You don’t need to spend a fortune on berries handpicked in the middle of the Amazon Rainforest to make sure you’re getting your quota of superfoods. This little lot are super nutritious, super cheap and super easy to find – forget hunting down a far-out health food store, you’ll find this list in your local supermarket.
Despite their name, sweet potatoes aren’t potatoes at all – they aren’t even related! Originally from Central America and now grown in warm climates worldwide, they are a nutritious vegetable with a low GI (glycaemic index), meaning they provide a gradual release of energy. They also contain vitamin C for a strong immune system; magnesium, which helps the body use energy from food; and manganese, important for healthy bones and joints.
Any variety will do, providing it’s labelled ‘wholegrain’. A study found that, compared with a commercial sports drink, a bowl of wholegrain cereal and skimmed milk was at least as good at promoting muscle refuelling and recovery after two hours of moderately intense exercise. The cereal helped replenish glycogen (carbohydrate stores) in muscles just as well as the carbohydrate-containing sports drink. Fortified breakfast cereals also provide useful amounts of B vitamins, which allow the body to release energy from food, and iron to help prevent energy-sapping anaemia.
Watercress is packed with vitamins A, C and E for healthy skin and a strong immune system, plus calcium and vitamin K, important for blood clotting and bone strength. It also contains folic acid and iron, both crucial to build healthy red blood cells, needed to transport oxygen to working muscle cells. The vitamin C in watercress boosts the absorption of its iron content, too. It also contains lutein, beta-carotene and flavonoids which, along with vitamins C and E, help protect your body’s cells from the potentially damaging effects of free radicals.
Quinoa (pronounced keen-wah) contains twice as much protein as rice. As well as supporting post-running muscle recovery, protein helps you feel fuller for longer, making it easier to keep calorie intake – and weight – in check. Quinoa also brims with energy-giving carbohydrates, which are slowly released to provide a steady fuel supply to exercising or refuelling muscles. More good news is that it supplies key minerals, such as iron (which prevents energy-sapping anaemia), bone-friendly magnesium, zinc (for a strong immune system) and potassium (essential for muscle contraction and keeping the body hydrated), along with folic acid, needed to enable the body to use protein for repair and to prevent anaemia.
Packed with energy-giving carbohydrate, a medium banana contains around 95 calories. They also have a low GI, meaning their energy is released in a slow and sustained way, ideal for fuelling your running and aiding post-run muscle recovery. One banana counts as one of your recommended five or more portions of fruit and vegetables a day, and therefore brims with cell- and immunity-protecting antioxidants, including vitamin C.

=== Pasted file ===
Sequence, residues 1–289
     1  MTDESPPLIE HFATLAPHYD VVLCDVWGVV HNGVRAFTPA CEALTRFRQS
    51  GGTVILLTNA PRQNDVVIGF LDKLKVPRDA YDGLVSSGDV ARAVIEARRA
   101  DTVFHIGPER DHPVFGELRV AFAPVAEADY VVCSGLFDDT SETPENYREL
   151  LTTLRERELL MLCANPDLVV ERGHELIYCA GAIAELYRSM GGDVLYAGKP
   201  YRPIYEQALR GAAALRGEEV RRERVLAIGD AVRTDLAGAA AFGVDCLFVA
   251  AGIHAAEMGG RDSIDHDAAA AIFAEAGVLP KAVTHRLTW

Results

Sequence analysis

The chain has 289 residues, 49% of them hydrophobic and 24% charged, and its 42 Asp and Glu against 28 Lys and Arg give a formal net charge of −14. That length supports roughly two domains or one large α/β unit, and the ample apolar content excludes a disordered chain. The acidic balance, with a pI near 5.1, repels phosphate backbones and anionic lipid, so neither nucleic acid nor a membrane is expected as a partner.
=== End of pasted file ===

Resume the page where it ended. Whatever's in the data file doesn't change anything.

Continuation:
Salmon’s benefits lie in its supply of muscle-restoring protein, healthy fats, and key vitamins and minerals. Take vitamin D – as well as being important for a healthy immune system, it allows the body to absorb calcium. Most of our vitamin D comes from sunlight (interestingly, athletic performance has been shown to peak when sunlight-induced vitamin D levels peak). Salmon is one of the few good food sources – an average portion of cooked salmon (100g) provides more than 100 per cent of the recommended daily allowance (RDA). Salmon also supplies omega-3 fatty acids, known for helping to keep the heart and joints healthy.
Beetroot brims with folic acid, needed for cell division and building healthy red blood cells, which transport oxygen to help fuel your muscles. Beetroot has been ranked among the top ten most powerful vegetable sources of antioxidants, thanks to its content of phenolics and betacyanin (which makes it gorgeously red). Antioxidants help to protect body cells from the potentially damaging effects of free radicals, which are increased during exercise. Regular training also helps boost your body’s natural antioxidant defence system. Drinking two large glasses of beetroot juice a day could help you exercise for 16 per cent longer at the same intensity, according to a small study in the Journal Of Applied Physiology. Carried out with cyclists, the scientists think nitrate in beetroot helps the body use oxygen more efficiently when exercising.